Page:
Every Friday, A.V. Club staffers kick off our weekly open thread for the discussion of gaming plans and recent gaming glories, but of course, the real action is down in the comments, where we invite you to answer our eternal question: What Are You Playing This Weekend?
There are quite a few negative things you could say about Pokémon Scarlet and Violet, the most recent installments in Nintendo’s long-running series of monster acquisition simulators. The games are undeniably glitchy, with frame rate issues in abundance, and an increasingly well-documented trove of bizarre visual bugs. Their environments look less like lush living landscapes than the sort of thing you might see in an indie game from a team with a Unity subscription and more ambition than cash. And they have the standard Pokémon early game issues of talking at you incessantly in the first few hours, when you’re desperate to just get out there and shove some monsters in balls.
But none of these things, honestly, outweigh this: These are a pair of video games where you can jump a motorcycle-shaped Pokémon off a mountain, land 500 feet below your starting point, and then scoot off to explore a brand-new corner of the map, complete with a ton of new Pokémon to acquire. Not only able to, but encouraged to: This is Pokémon as free-form adventure, offering players a massive (ugly) map, throwing out a handful of objectives as basic guidance, and then letting them have their way with it.
To see one of the most hand-holding game franchises of all time take the training wheels off like this is, frankly, staggering—maybe even a bit overwhelming. Once you get through the game’s opening hours, and depart on the school-based Treasure Hunt that makes up the game’s core play—the most hilariously explicit justification the series has ever had for setting up a world in which feral children roam the landscape, poaching animals for bloodsports with abandon, by the by—the ability to go anywhere is almost immediately yours. It’s a jaw-dropping moment: “Really? I can just ... Go there? Climb that mountain? Try to catch that Level 40 pig monster? No bullshit plot interludes? No ‘You have to go wander around this city for 20 minutes buying hats’ horseshit? Just … freedom?”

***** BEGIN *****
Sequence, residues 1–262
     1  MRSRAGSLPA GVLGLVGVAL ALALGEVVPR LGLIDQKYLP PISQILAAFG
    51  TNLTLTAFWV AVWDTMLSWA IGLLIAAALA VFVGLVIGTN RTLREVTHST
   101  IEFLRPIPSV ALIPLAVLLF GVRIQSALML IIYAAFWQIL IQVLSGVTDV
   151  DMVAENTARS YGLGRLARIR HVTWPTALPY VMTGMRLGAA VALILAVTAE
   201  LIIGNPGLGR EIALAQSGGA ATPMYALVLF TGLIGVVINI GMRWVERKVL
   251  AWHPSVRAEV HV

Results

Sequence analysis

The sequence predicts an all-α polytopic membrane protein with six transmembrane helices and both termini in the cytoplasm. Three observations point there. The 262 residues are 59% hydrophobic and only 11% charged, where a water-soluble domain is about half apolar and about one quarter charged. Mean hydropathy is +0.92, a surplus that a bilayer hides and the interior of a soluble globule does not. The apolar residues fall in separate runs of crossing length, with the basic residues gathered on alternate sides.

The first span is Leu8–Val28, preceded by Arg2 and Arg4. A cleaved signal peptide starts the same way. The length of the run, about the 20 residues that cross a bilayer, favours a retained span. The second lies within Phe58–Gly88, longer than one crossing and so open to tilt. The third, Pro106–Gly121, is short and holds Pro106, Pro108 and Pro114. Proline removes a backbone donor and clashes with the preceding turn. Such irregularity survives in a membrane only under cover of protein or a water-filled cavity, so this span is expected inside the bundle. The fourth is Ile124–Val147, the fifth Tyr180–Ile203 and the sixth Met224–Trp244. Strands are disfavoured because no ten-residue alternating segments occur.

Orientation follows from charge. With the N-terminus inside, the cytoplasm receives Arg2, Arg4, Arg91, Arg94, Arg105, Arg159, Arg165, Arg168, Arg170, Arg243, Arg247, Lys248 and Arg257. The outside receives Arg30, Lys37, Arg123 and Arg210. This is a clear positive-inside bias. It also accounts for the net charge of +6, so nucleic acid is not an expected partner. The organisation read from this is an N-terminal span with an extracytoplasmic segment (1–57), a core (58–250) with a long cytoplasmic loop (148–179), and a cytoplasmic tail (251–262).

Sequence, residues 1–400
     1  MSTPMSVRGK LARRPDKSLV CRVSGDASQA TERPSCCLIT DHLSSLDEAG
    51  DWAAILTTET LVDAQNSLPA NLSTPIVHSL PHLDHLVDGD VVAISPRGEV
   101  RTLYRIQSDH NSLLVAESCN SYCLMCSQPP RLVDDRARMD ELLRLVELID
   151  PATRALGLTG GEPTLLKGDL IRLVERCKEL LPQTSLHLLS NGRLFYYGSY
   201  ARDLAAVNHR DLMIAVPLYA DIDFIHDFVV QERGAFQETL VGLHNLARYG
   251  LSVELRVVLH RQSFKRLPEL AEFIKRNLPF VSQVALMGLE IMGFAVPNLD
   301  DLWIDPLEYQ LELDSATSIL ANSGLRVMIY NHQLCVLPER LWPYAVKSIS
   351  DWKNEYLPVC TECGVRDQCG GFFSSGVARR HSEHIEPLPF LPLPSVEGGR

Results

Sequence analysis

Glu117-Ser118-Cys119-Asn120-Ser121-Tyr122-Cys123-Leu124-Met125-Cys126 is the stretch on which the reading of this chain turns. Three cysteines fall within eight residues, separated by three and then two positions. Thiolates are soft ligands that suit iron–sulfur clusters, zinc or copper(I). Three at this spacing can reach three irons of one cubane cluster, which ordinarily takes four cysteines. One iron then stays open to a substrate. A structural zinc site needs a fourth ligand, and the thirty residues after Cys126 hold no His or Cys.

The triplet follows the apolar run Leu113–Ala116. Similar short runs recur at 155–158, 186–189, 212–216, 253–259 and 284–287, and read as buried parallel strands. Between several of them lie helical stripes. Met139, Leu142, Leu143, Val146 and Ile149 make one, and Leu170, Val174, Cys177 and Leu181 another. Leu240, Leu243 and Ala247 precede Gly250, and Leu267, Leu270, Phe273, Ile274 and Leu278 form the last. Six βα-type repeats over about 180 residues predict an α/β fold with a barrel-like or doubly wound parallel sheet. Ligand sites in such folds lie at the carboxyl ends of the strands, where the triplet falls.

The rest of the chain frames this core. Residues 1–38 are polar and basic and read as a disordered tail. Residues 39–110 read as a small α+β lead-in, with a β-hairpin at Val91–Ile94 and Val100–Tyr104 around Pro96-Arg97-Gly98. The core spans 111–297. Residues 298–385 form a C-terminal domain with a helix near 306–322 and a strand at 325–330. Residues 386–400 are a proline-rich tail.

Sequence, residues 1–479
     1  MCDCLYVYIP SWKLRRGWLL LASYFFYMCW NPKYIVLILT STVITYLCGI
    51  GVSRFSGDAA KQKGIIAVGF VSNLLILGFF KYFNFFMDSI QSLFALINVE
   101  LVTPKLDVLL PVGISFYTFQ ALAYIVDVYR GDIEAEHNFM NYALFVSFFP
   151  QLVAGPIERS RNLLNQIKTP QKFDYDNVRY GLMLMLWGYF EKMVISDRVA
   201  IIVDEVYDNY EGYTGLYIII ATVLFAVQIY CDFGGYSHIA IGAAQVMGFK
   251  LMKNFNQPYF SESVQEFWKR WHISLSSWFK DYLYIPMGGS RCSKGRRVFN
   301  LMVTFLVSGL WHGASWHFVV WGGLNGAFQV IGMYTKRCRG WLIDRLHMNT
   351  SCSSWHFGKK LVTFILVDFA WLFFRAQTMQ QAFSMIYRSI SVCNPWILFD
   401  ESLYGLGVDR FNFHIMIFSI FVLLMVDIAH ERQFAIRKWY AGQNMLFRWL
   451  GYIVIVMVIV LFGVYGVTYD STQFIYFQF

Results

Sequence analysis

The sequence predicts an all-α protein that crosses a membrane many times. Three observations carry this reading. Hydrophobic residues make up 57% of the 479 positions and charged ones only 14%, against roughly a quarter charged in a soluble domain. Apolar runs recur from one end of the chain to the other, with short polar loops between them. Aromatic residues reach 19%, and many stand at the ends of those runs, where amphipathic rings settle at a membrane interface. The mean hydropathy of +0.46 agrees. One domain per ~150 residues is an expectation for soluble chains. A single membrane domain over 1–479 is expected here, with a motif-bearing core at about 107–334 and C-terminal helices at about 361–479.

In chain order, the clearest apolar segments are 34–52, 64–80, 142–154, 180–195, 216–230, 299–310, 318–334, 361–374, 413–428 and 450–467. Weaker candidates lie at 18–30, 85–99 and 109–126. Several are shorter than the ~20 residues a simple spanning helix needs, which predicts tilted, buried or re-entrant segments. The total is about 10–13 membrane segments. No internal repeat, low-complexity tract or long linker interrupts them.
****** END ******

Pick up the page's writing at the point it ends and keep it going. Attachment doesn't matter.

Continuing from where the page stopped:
The reductive take would be to suggest that Nintendo has just decided to Breath Of The Wild-ify all its franchises, taking the open-world exploration of the groundbreaking first Switch Zelda game and applying it willy-nilly. But the fact is that this kind of freeform expression is a perfect fit for Pokémon, a franchise that has always had an admirable dedication to allowing players to find their own fun. Sure, it’s janky as hell, as you ride your big motorcycle-saurus all over the canyons and fields. But in some ways, that glitchiness only enhances the feeling of freedom: It becomes obvious that Game Freak has sacrificed quite a bit on the game’s technical side to make this kind of exploration possible, and all the weird pop-in and graphical whoopsies somehow contribute to the feeling that anything can happen here.
(Also: God bless the studio for adapting the “no random battles” idea from Pokémon Legends: Arceus to the main series here; the ability to actually scout out which monsters you want to fight and capture, as opposed to having to cut through every poor Pidgey that comes your way, absolutely enhances the feeling of being a hunter and explorer.)
As someone who dips in to check out every generation of Pokémon game, I’m comfortable saying that this is the most excited I’ve been to play these games in years. The truth is, the core gameplay of Pokémon—the exercise in strategizing and team composition that is Pokémon battling—is about as solid, by now, as it’s going to get. (Certainly, the latest version of digivolving or crystallizing or whatever the game calls its latest super move system doesn’t add much to the equation, at least not in the early going) But Game Freak has gone out of its way here to make a world that serves as a far better support structure for that core—ugly, yes, glitchy, sure, but undeniably refreshing as hell.